For Harriet star Cynthia Erivo, playing the iconic historical abolitionist and Christian believer carried special spiritual significance. The actress, who recently appeared in Bad Times at the El Royale and Widows, said that, as a woman of faith herself, she was inspired by Tubman's boldness in prayer and actions.
"What was wonderful about playing Harriet and diving into that part of her is that it gave me access to my own faith," she said. "It made me braver in my prayers. It made me want to pray, and not be afraid to do it out loud if I needed to. That's the thing that was really wonderful."
Because of her courage and divine calling, Tubman was able to change the course of history. Erivo hopes that Harriet will inspire audiences to realize they also hold the power to make a difference.
"I hope that this film will let people know and teach people that if they feel they're unimportant that they hold the power to change the world and change the things in this world," she said. "Harriet managed to save lives consistently with her wits and determination. I don't think we have any excuses, and this shows us how we could move to keep people in freedom. We all have the potential to change the world."
In addition to acting, Erivo is a Tony, Emmy and Grammy Award-winning singer, who first gained attention with her appearance in the Broadway and West End productions of "The Color Purple." In Harriet, she gives voice to Tubman's songs that served to warn the slaves when it was safe to come out or not.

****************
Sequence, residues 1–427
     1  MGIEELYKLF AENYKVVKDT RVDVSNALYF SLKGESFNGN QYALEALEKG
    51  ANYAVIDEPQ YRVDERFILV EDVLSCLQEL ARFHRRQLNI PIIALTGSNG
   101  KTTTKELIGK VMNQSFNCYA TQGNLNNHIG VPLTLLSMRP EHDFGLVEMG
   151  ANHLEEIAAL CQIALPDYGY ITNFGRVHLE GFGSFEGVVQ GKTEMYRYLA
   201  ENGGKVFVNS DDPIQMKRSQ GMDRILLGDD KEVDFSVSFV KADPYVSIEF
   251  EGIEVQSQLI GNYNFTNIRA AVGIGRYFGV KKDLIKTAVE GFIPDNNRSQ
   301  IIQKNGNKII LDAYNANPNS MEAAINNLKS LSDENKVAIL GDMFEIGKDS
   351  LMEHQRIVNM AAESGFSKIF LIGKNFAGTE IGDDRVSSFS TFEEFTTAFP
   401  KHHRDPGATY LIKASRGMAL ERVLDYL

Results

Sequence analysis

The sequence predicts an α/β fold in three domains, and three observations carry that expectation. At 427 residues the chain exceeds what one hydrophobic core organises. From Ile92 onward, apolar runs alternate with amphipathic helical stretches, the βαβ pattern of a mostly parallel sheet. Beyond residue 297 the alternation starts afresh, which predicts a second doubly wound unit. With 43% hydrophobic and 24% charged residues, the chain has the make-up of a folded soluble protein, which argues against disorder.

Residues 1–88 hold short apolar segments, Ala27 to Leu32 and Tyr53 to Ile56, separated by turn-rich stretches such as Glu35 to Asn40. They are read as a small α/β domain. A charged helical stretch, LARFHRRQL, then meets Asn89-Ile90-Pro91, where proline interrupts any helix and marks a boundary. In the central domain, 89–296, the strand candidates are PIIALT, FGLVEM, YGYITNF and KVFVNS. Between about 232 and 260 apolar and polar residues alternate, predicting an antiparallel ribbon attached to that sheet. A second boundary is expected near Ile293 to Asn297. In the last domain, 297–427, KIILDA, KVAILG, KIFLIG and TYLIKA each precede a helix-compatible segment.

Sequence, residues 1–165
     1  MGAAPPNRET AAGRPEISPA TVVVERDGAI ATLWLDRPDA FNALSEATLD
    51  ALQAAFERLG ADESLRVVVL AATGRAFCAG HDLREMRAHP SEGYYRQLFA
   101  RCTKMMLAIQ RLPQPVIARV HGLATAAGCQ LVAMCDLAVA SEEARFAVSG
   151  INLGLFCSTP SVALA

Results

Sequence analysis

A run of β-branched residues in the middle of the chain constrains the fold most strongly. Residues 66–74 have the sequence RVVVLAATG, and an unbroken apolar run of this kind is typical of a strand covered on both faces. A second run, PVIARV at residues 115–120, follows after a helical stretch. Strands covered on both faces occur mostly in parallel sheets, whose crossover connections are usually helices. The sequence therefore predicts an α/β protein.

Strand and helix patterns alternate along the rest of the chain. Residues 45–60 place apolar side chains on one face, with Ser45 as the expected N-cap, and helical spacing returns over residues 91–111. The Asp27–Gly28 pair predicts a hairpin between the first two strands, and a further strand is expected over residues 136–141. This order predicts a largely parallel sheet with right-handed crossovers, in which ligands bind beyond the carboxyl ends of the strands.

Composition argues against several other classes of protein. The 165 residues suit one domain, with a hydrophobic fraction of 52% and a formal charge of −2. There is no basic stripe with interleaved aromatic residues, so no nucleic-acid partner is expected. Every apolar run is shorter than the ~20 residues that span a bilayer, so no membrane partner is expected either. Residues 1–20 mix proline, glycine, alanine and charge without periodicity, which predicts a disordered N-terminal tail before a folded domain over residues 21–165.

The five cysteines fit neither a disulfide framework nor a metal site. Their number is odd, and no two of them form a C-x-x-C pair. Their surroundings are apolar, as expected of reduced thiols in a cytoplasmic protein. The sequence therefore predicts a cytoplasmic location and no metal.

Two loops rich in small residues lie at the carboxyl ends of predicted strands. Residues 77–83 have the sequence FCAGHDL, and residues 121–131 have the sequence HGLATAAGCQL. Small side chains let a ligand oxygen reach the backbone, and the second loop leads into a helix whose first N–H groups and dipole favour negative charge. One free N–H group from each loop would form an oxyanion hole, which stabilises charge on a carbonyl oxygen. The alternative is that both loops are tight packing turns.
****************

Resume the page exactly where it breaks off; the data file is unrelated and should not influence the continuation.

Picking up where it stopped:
"What's lovely about that aspect of her was getting the chance to find another voice different than my own, to use the quality of voice she had in order to communicate," she said.
Erivo also collaborated on and perform the film's closing credits song, "Stand Up." She said the opportunity to contribute the song to the soundtrack "was a gift that I gave to myself."
Moving from a classic American hero to a more modern one, Erivo was recently announced to appear as Aretha Franklin in a new season of National Geographic's "Genius" series.
"We have started some preparations and pre-production," she said. "I feel like she was one of my teachers, to be honest. I sing her songs a lot in my own concerts. I do her music consistently. When we lost her, I cried my eyes out."
Harriet releases from Focus Features on Nov. 1.
DeWayne Hamby is a communications specialist and longtime journalist covering faith-based music, entertainment, books and the retail industry. He is the author of the book Gratitude Adjustment. Connect with him at dewaynehamby.com or on Twitter at @dewaynehamby.
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